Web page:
Then again, I didn't really hate, or even dislike the film either. It looks pretty amazing, and you can at least see that far more thought has gone into building the futuristic world than went into the script. I hail from Middlesbrough, so I know a Blade Runner knock-off when I see one, but there are enough neat little touches to distinguish the worlds of the United Federation of Britain and The Colony from the influence of that most quintessential sci-fi future. It makes a fine arena for all that jumping and fighting and shooting that goes on, but the characters are far less distinctive.

Colin Farrell does fine in the role of Quaid, more believable as an average guy than Schwarzenegger, even though the transition from average Joe to secret agent loses something without this average Joe being so massive and yet so impotent in the earlier part of the film. Kate Beckinsale makes a good fist of merging Michael Ironside and Sharon Stone's characters from the original film. Wiseman is Beckinsale's husband, and through the early Underworld movies, I've always enjoyed their husband-wife team-ups more than the products of Paul W.S. Anderson and Milla Jovovich, and this makes no exception to Beckinsale's often under-appreciated talent as an action heroine, giving her an enjoyable, if sadly under-developed rivalry with Jessica Biel's character.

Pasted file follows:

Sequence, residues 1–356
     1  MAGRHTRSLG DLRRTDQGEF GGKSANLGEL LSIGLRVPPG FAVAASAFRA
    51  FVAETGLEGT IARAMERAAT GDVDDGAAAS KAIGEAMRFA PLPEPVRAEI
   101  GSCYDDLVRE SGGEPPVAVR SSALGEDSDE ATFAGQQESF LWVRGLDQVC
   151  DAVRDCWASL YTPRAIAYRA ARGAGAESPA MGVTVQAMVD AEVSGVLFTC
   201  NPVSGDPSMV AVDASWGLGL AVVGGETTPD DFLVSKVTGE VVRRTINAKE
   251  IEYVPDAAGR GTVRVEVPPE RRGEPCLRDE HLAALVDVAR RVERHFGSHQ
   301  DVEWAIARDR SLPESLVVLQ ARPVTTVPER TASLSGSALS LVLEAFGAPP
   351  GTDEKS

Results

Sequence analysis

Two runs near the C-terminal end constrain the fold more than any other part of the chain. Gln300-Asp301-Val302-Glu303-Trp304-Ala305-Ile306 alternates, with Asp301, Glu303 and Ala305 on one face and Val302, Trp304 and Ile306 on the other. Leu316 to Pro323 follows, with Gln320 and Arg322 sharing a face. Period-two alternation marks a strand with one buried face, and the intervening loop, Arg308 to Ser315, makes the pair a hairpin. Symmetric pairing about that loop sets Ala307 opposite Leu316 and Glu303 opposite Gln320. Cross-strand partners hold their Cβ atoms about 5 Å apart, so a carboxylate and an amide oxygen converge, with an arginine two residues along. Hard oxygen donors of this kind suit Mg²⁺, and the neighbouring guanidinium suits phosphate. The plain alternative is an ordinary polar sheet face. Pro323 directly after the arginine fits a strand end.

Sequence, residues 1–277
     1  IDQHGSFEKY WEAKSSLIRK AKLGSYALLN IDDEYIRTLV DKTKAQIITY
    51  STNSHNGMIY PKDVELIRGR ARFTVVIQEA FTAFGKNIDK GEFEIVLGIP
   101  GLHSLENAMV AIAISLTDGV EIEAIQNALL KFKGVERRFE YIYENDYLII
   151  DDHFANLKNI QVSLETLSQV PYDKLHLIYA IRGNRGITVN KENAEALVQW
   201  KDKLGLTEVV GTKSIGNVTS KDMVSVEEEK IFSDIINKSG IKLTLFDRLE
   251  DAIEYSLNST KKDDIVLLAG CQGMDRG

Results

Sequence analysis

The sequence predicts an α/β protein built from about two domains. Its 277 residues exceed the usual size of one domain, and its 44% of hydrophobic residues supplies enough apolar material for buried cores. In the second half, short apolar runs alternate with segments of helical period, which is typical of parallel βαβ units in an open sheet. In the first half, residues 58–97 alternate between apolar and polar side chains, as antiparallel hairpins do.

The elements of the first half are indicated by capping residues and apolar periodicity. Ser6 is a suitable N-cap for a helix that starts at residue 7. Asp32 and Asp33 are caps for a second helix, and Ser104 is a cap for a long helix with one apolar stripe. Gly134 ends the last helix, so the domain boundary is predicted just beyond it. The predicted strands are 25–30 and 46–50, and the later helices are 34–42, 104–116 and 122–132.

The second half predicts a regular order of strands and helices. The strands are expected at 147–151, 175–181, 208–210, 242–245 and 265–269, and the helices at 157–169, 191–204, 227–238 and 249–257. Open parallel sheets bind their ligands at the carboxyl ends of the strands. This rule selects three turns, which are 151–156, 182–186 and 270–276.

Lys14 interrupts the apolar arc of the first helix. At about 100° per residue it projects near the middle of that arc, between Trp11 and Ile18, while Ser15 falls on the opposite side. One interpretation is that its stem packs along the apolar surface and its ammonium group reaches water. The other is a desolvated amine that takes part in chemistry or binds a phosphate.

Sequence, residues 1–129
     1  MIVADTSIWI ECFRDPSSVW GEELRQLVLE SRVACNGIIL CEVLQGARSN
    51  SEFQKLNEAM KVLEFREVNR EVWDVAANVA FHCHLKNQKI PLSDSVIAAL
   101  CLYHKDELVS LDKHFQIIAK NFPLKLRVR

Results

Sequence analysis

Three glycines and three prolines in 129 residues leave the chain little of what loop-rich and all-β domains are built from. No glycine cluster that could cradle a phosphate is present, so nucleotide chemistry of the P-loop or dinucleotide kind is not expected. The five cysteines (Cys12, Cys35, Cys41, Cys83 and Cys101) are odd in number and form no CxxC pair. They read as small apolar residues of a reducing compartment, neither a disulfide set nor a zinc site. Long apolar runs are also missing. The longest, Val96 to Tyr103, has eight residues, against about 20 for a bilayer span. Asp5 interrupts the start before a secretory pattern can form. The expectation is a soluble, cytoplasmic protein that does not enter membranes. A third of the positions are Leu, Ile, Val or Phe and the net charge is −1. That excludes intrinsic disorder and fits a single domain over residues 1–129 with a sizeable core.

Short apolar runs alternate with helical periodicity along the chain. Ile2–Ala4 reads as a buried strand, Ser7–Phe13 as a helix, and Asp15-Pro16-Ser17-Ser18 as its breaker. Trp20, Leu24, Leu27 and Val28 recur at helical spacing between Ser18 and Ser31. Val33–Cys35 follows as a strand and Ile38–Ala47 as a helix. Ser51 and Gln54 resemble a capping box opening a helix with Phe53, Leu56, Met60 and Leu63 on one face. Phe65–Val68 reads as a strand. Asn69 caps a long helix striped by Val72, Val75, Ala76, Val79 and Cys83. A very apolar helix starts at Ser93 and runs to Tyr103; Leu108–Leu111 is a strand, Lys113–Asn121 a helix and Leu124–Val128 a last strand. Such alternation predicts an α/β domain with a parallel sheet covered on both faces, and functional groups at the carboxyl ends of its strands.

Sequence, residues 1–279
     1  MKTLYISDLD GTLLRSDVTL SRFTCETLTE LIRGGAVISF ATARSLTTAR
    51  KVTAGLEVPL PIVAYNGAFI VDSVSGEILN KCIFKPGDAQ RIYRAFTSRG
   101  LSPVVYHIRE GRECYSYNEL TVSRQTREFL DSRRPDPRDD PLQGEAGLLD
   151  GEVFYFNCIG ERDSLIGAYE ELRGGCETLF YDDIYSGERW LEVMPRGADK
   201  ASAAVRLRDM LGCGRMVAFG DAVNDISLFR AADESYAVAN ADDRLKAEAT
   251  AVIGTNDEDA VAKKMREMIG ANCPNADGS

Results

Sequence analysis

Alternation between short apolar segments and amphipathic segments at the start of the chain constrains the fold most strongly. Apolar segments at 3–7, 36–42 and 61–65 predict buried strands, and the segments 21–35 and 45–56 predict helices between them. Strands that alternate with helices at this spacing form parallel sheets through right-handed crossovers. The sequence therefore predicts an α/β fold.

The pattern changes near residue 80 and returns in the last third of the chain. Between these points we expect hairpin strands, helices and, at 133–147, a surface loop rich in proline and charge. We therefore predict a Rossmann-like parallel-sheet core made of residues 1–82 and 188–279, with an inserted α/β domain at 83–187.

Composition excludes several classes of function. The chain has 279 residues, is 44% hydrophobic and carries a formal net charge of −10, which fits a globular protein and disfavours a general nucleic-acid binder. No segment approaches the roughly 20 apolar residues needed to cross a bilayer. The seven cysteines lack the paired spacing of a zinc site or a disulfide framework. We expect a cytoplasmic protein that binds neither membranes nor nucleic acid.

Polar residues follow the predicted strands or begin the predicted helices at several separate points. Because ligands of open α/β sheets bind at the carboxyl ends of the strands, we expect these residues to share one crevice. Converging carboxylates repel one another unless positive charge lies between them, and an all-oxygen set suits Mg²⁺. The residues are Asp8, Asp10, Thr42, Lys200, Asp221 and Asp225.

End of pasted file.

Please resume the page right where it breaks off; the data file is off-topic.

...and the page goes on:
Bryan Cranston is shamefully neglected as the film's big bad, Cohaagen. As busy as he's been this year, with films and his Breaking Bad success, I was amused to discover that my dad, a huge Malcolm in the Middle fan, hadn't seen him in any of the new stuff until now, and was thinking of Hal all the way through. That Cranston has dispelled just about everyone else's memories of his sterling work on that series, whenever he's doing more serious fare, should tell you how little he's given to do here. Beckinsale makes a fine antagonist on her own, but the film lacks something overall in the absence of the main baddy, no matter how many overlong action setpieces are thrown at the screen.

Total Recall is a disappointing mix of some stunning visuals, some undercooked characterisation and a whole lot of stuff that's merely remembered wholesale from the 1990 film. There are occasional glimpses of a more distinctive film, where the story was worth reinventing, but largely, you can't help but compare this to last summer's late August remake of an Arnie movie, Conan the Barbarian. It's a more enjoyable film than that one, with a better cast and better special effects, but it still fits into a trend of unnecessary remakes that is far bigger and more perturbing than itself.

Total Recall is now showing in cinemas nationwide.
If you've seen Total Recall, why not share your comments below? It's not in 3D, but you might wanna wear glasses anyway- LENS FLAAAARE!

I'm Mark the mad prophet, and until next time, don't watch anything I wouldn't watch.